In response to the second question, I should reiterate what I have stated above. The shear volume of Book of Abraham information on the web is far too much to keep up with or attempt to document. However, and more significantly, the large majority of websites critiquing the Book of Abraham, in my experience, do not provide substantive contributions that are unique to the study of the subject.  Most of these sites simply repeat the same arguments made by others, whose publications are included in the bibliography. Some of these sites purposefully distort the arguments in order to present Joseph Smith in a negative light. They do so by manipulating their research, or other's research, in presenting their position on the Book of Abraham and Joseph Smith to achieve a predetermined outcome. In other words, they use "cunning craftiness, whereby they lie in wait to deceive" (Ephesians 4:14).  Lastly, this bibliography primarily focuses on published works, with few exceptions. 

If my bibliography is deficient because it does not include meaningful research, please let me know and upon reviewing the material I will consider updating the bibliography. 

"But the Comforter, which is the Holy Ghost, whom the Father will send in my name, he shall teach you all things..." (John 14:26) - "Prove all things, hold fast that which is good" (1 Thess. 5:21)

Saturday, July 17, 2010

A Collection of Hypocephali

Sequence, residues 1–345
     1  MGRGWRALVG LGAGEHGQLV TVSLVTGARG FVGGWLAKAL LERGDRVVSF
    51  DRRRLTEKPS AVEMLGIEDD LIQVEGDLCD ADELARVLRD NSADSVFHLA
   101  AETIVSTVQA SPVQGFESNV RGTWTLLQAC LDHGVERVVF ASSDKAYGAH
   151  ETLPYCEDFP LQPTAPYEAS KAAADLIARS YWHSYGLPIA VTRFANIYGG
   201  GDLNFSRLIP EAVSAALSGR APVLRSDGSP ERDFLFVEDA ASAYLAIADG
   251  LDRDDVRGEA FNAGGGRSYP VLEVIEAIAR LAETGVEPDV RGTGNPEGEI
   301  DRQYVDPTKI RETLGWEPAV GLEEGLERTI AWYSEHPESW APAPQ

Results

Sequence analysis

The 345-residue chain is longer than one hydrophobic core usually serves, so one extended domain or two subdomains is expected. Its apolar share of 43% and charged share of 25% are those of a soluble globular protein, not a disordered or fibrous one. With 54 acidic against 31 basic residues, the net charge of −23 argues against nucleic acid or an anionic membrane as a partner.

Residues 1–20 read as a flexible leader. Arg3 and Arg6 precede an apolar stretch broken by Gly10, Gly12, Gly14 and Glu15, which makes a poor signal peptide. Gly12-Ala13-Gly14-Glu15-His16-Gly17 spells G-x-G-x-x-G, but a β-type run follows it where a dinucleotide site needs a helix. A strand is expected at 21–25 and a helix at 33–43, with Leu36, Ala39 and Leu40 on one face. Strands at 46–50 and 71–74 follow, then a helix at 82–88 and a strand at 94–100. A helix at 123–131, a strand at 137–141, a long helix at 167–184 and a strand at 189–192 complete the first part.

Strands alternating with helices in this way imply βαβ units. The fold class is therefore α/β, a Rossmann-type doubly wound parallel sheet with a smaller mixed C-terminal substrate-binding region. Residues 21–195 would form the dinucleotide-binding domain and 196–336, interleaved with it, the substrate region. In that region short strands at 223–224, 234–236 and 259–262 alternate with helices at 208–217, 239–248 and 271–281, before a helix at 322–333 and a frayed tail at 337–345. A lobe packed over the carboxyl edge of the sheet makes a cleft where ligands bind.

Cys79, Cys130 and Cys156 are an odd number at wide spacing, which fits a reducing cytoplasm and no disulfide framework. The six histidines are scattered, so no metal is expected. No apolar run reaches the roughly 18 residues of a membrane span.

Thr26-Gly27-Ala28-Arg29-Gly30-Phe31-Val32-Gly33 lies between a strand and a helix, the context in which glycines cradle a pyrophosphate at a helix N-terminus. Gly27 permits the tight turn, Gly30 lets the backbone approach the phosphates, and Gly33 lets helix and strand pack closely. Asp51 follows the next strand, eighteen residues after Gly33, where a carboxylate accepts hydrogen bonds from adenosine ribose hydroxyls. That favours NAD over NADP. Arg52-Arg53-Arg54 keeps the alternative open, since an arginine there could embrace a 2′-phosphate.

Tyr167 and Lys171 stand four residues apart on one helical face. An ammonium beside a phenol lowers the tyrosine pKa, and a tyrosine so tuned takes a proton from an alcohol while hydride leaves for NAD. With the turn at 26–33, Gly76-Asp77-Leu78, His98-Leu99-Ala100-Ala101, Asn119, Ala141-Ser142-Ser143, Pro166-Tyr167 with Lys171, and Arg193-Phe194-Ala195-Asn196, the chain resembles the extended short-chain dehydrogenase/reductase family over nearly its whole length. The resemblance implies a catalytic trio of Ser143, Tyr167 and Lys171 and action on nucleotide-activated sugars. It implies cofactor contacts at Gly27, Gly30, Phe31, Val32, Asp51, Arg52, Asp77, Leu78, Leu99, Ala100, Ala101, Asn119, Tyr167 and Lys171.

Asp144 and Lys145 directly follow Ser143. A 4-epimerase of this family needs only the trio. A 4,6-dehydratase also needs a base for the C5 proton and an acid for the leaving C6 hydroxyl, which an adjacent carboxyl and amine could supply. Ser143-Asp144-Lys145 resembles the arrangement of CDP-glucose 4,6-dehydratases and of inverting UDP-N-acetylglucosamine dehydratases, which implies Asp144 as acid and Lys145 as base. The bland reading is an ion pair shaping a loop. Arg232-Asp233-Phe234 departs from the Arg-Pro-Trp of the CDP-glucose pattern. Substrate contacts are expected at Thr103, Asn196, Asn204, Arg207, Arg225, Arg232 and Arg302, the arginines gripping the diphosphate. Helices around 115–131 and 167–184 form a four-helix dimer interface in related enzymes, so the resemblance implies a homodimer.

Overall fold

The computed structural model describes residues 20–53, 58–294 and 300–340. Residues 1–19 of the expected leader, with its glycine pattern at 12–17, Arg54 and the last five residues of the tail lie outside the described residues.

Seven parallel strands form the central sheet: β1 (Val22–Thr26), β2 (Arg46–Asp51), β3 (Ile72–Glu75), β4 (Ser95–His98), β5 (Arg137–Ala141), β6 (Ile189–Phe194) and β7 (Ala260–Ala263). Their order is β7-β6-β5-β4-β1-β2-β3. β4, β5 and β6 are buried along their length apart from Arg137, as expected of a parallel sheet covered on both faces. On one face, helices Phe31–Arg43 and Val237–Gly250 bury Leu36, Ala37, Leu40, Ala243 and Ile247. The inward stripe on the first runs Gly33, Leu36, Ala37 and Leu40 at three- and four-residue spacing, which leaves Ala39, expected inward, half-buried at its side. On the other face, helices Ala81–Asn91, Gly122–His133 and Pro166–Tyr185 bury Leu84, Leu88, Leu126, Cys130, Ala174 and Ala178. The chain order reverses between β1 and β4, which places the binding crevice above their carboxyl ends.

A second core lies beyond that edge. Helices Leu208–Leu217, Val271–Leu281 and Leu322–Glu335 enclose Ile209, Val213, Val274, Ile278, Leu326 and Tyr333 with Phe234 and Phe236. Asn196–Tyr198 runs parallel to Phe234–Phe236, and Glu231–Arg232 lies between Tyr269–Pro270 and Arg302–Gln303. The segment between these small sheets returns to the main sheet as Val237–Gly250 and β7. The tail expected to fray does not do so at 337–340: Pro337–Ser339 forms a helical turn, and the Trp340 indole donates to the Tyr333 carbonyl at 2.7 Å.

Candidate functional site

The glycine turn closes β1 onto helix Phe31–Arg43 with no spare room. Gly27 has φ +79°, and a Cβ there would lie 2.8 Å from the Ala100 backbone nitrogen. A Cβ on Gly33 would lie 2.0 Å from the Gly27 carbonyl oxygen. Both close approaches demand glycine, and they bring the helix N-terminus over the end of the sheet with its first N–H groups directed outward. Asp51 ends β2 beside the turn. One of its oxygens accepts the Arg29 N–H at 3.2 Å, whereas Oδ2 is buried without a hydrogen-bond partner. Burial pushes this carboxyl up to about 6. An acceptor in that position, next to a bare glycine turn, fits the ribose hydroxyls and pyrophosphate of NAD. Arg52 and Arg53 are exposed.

Last updated May 18, 2012


Egyptian Museum in Cairo1

There are approximately 100 known hypocephali that have been preserved.2 The following images are provided for convenience in comparing the similarities and differences between each hypocephalus. Some images are public domain, having been published in books, journals, and periodicals where copyrights have expired.  Other images are used by permission and are copyright protected; my sincere appreciation for those who have allowed me to post these pictures. Any contributions to this post by way of pictures taken or renditions thereof, will be greatly appreciated, and contributions will, of course, be attributed to the provider. Eventually I'd like to have all known hypocephali available here.  Lastly, if any errors are contained in the information below, please contact me at mcbarka at hotmail.com.


Sheshonq Hypocephalus (Facsimile 2 in the Book of Abraham);
Times and Seasons, Vol 3, No. 10 (March 15, 1842), Pg 720-721;
also available online at http://www.lds.org/ (here)


Hypocephalus 8445 in the British Musuem (unnamed owner);
PSBA Vol 6 (14th Session, May 6, 1884):185; also available


Tasherenkohns Hypocephalus 8445a British Museum 37909;
PSBA Vol 6 (14th Session, February 5, 1884):107; also available online
at http://www.britishmuseum.org/ (here), identified as Tasheritkhons


Hypocephalus 8445a, British Museum (unnamed owner) 37095;
PSBA Vol 6 (14th Session, May 6, 1884):185


Hypocephalus 8445a, British Museum 37907 (unnamed owner);
PSBA Vol 6 (14th Session, Mar 4, 1884):129; also available


  Har Hypocephalus 8445c in the British Museum 35875;
PSBA Vol 6 (14th Session, Jan 8, 1884):52


Neshorpakhered Hypocephalus 8445e, British Museum 36188;
PSBA Vol 6 (14th Session, Mar 4, 1884):129; available online at:


Asiemkheb Hypocephalus 8445f in the British Musuem 37908;
PSBA Vol 6 (14th Session, May 6, 1884):185; also available online at